URL: http://www.goodreads.com/book/isbn?format=FORMAT&amp;isbn=ISBN

I can only assume that either GoodReads has deprecated the isbn_to_id API without any notice, or they have some sort of API routing error such that isbn_to_id == isbn

4. Keep your response key types consistent.

When returning unique identifiers such a book ids or comment ids, tweet ids or anything else, it helps if the key type is consistent across different API calls.

If your book id is an integer then this response if fine from one api:

<bookid type="integer">1001</bookid>

or even this from another:


But please, never have another API return this:

<bookid type="string">1001</bookid>

5a. Keep your API parameter handling consistent.

If you have multiple related APIs that all take in the same parameter, such as name, for different CRUD operations, ensure that the parameter is handled the same way across the group.

For example, if your name parameter is case-insensitive for the Create, Update and Delete APIs, make sure it is also case insensitive for the Read API. We noticed that the GoodReads Edit book shelf and Get the books on a members shelf API calls both took a bookshelf name as a parameter, but when requesting the Get the books on a members shelf API, the bookshelf name is case sensitive, even though the Edit book shelf and other bookshelf related calls are case insensitive.

5b. Keep your API parameter count consistent.

If we see this in your developer documentation, something has gone horribly wrong:

Get the reviews for a book given an ISBN
Get an xml or json file that contains embed code for the iframe reviews widget that shows excerpts (first 300 characters) of the most popular reviews of a book for a given ISBN. The reviews are from all known editions of the book.
URL: http://www.goodreads.com/book/isbn?format=FORMAT&amp;isbn=ISBN
HTTP method: GET
format: xml or json
callback: function to wrap JSON response if format=json
**key: Developer key (required only for XML).**
**user_id: 8488829 (required only for JSON)**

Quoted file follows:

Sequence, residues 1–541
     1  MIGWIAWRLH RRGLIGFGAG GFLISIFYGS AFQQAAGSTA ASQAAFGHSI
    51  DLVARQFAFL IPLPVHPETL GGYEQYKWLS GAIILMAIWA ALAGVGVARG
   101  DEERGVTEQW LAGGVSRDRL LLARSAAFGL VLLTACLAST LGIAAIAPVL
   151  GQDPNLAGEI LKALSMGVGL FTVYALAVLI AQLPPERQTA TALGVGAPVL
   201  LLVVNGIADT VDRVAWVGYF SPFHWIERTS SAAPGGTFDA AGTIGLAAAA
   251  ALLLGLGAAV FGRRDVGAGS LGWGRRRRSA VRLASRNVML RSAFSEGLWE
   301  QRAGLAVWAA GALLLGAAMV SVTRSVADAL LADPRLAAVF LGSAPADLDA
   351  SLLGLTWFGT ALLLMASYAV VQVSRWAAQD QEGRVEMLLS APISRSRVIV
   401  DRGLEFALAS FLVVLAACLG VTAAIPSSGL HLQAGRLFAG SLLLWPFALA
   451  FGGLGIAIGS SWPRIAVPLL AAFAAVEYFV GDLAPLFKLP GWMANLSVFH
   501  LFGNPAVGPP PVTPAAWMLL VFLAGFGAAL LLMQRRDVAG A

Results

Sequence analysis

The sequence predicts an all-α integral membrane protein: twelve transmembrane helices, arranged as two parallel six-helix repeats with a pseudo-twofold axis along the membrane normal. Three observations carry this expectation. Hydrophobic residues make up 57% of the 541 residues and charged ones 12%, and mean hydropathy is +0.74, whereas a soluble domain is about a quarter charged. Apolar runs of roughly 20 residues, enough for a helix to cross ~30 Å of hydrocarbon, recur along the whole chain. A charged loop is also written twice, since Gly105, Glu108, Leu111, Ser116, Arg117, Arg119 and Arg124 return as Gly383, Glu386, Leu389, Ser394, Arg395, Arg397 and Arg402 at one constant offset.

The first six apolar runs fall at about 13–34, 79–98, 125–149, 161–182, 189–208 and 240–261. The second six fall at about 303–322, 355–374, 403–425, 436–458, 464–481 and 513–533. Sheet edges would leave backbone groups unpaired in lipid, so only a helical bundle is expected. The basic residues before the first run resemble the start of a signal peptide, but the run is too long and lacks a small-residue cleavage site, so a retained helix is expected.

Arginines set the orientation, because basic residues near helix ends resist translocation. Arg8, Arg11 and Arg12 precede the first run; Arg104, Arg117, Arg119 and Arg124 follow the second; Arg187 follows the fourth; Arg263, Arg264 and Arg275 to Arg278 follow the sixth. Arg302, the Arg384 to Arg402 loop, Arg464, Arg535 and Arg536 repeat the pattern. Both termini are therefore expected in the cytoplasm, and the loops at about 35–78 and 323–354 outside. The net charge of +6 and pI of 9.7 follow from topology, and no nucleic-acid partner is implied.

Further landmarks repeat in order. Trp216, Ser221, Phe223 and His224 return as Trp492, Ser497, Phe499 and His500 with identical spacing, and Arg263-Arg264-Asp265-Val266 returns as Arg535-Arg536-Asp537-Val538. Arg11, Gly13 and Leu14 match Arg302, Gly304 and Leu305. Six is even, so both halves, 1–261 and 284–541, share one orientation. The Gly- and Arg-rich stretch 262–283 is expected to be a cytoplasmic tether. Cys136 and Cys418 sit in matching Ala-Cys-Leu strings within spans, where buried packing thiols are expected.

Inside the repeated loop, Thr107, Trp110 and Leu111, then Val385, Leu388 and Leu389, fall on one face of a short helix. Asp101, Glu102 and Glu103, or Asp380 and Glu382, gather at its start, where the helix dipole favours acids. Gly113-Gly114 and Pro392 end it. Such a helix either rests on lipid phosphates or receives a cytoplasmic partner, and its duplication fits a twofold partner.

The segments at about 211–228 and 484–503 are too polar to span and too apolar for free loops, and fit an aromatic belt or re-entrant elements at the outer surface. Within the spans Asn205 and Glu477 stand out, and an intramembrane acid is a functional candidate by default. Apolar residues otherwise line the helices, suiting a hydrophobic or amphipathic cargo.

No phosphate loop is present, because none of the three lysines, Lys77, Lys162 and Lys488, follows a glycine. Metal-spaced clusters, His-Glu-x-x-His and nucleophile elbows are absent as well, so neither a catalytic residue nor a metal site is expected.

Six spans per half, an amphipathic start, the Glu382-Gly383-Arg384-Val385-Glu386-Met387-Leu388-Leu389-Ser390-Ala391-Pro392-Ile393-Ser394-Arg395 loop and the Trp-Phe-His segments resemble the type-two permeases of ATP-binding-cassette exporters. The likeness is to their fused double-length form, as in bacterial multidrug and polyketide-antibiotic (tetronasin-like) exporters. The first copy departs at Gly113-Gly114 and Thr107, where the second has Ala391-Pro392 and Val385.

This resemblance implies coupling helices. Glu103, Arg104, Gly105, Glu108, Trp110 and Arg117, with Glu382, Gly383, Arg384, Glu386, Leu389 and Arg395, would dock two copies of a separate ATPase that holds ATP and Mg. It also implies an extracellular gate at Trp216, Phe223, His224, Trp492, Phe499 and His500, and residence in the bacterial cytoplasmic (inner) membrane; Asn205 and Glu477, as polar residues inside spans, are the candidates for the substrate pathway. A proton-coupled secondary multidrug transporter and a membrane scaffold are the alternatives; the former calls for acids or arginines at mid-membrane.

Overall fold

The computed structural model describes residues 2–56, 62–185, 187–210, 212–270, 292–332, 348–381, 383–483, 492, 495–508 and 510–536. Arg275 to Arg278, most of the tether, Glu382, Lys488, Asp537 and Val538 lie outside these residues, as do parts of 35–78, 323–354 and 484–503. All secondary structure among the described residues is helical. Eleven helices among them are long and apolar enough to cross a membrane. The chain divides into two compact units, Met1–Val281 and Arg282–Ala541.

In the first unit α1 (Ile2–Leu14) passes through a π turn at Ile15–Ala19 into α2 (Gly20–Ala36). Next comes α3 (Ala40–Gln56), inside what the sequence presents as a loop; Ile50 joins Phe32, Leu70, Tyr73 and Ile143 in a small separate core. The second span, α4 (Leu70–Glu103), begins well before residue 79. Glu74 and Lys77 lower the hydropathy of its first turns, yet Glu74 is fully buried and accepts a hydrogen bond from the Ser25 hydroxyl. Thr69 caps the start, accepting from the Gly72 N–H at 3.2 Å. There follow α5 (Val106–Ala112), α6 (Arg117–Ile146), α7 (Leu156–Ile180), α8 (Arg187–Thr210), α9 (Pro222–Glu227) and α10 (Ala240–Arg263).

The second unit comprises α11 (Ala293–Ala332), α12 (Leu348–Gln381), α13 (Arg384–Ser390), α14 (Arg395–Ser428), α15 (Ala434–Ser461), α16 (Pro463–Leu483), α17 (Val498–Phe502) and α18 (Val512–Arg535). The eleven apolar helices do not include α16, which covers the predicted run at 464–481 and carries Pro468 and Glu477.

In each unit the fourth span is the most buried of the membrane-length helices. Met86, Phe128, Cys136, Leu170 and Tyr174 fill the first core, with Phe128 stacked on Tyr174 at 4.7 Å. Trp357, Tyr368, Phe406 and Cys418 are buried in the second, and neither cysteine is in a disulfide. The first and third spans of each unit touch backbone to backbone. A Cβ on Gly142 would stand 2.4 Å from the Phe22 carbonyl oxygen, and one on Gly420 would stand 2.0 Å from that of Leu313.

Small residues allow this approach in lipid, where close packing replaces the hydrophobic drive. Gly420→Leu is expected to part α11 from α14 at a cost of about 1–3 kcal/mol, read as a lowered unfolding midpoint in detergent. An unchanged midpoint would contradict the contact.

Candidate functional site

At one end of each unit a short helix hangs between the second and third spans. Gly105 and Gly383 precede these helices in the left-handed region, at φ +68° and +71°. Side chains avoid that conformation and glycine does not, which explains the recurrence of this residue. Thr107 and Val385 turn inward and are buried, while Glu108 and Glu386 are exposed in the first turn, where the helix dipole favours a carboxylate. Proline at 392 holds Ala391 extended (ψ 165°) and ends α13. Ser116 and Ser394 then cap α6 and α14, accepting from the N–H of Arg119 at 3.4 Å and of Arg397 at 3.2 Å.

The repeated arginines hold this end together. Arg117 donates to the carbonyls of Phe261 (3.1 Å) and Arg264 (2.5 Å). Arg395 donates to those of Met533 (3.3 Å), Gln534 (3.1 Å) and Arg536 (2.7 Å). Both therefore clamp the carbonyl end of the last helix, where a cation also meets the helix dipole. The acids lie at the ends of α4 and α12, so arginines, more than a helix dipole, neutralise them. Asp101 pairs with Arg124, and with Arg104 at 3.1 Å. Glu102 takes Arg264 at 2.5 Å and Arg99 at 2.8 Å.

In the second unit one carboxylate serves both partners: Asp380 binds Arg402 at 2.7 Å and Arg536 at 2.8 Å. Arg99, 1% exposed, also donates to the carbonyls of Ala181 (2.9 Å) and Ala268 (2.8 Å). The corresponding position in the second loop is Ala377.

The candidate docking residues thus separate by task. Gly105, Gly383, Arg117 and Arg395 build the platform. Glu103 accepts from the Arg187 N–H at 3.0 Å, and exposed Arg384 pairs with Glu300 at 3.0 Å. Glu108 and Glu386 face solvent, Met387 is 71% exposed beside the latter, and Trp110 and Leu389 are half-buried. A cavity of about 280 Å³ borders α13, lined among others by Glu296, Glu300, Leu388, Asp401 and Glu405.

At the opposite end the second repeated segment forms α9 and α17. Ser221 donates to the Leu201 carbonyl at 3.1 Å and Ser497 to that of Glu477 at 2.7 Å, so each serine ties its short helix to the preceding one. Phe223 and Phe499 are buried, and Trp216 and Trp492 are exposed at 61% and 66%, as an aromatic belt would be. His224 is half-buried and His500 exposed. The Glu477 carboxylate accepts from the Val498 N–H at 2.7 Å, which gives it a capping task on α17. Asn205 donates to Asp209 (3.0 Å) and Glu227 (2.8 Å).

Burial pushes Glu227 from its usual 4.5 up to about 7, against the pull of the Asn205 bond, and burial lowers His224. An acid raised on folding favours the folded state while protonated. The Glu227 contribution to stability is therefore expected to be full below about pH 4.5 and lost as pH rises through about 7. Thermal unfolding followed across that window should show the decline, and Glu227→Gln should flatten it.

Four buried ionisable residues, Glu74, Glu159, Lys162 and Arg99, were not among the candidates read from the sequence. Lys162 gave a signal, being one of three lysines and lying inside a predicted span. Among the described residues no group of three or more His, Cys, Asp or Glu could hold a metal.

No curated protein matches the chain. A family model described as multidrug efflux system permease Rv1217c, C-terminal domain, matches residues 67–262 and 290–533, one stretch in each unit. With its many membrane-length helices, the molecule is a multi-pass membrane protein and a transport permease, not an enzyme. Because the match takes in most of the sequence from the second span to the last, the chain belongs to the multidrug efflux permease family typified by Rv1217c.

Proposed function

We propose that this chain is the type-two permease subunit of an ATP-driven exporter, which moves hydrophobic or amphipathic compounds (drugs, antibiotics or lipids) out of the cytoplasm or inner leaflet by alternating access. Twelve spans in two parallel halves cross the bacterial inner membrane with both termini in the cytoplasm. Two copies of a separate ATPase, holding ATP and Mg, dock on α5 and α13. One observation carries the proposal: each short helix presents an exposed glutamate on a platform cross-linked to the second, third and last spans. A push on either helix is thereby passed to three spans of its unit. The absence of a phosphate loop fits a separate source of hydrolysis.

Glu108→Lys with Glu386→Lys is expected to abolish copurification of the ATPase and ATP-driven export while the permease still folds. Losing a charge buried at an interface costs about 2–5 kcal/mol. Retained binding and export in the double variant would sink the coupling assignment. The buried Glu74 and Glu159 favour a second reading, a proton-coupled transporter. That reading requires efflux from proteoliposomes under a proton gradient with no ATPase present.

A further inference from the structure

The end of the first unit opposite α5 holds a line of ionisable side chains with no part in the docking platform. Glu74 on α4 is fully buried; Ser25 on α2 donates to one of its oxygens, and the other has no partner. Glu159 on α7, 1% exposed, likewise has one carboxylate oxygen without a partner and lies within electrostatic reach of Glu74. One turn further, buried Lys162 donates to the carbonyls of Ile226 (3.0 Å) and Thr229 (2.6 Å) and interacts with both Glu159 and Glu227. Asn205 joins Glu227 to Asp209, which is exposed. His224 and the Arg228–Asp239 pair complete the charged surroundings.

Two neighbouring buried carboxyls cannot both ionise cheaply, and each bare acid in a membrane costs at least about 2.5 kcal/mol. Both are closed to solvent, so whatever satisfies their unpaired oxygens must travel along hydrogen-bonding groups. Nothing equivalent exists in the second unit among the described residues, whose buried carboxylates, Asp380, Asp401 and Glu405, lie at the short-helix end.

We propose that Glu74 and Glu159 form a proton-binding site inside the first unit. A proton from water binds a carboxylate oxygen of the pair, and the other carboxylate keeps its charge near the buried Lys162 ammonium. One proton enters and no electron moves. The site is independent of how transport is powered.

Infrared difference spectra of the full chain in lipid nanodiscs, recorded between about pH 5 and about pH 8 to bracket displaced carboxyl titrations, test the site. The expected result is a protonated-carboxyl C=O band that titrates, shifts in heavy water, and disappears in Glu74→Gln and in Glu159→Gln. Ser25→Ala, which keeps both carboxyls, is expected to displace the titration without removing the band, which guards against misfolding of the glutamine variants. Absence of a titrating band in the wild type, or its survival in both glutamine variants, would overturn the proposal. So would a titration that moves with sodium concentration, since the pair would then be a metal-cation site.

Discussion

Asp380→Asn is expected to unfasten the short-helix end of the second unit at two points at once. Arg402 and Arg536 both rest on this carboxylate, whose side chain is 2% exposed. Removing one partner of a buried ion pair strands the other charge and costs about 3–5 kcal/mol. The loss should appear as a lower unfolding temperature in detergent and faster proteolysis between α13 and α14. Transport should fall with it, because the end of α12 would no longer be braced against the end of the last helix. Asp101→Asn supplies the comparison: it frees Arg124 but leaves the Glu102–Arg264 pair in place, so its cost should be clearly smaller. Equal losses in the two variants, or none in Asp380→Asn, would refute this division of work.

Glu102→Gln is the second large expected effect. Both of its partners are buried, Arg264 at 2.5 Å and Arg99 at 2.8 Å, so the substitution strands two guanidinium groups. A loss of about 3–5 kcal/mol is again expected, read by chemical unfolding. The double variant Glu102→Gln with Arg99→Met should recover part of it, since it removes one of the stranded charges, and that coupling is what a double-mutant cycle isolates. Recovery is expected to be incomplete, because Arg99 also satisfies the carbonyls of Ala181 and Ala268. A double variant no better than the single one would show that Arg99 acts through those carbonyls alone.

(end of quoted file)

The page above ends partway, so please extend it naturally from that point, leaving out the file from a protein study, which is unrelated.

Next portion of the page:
The number of parameters to use your api should be the same if its JSON or XML, the only exception being if your output is JSONP and you need a callback parameter.

6. The API url matters.

Its only a minor issue, but it does make a difference. Structure your API into logical groups if possible. It helps us break up our API client along the same lines. As well, having a consistent base url makes it just a little bit easier to use your API. Something along the lines of:


is just a bit nicer to work with than:


7. Use OAuth

Or atleast some sort of API authentication. Yes it is a bit of an investment, yes you will need to spend time and money implementing it and yes, it might break YAGNI. The problem is that if you’re going to build an API, you want developers using it, you want it to become popular. And if you wait until your API does become popular to implement OAUTH, you are creating a significant breaking change that’s going to force all the developers using your API to restructure their code. Use OAuth in your API, follow the spec. We’re comfortable using OAuth libraries, and if your API works with it out of the box, then we can jump right into implemeting your API.

8. API documentation

APIs take hours to design and develop. You will be spending enormous amounts of effort to make your API as developer friendly as possible. You should be putting the same effort into your developer documentation. As the designer of a popular API you may feel like you’re spending a huge portion of your day telling developers to RTFM, and thats never going to disappear. But if you do it right, for every developer that gets lazy and skips the documentation, you’ll have 10 that were able to integrate your API without any problems.


I didn’t mean to make GoodReads the API whipping boy here, we’ve all had to deal with API integration problems before, but with the growing prevalence of SAAS, I thought you should see some of the issues that developers are facing when using your API.

QuietThyme GoodReads integration is just one of the many third-party services we support at QuietThyme. We support the usual Facebook, Twitter, LinkedIn and Google authentication as well as allowing you to store you full library on your own private DropBox while letting us manage your Ebook Metadata and Cover art. Check us out at www.quietthyme.com.

Jason Kulatunga

Build Automation & Infrastructure guy @Adobe. I write about, and play with, all sorts of new tech. All opinions are my own.

San Francisco, CA blog.thesparktree.com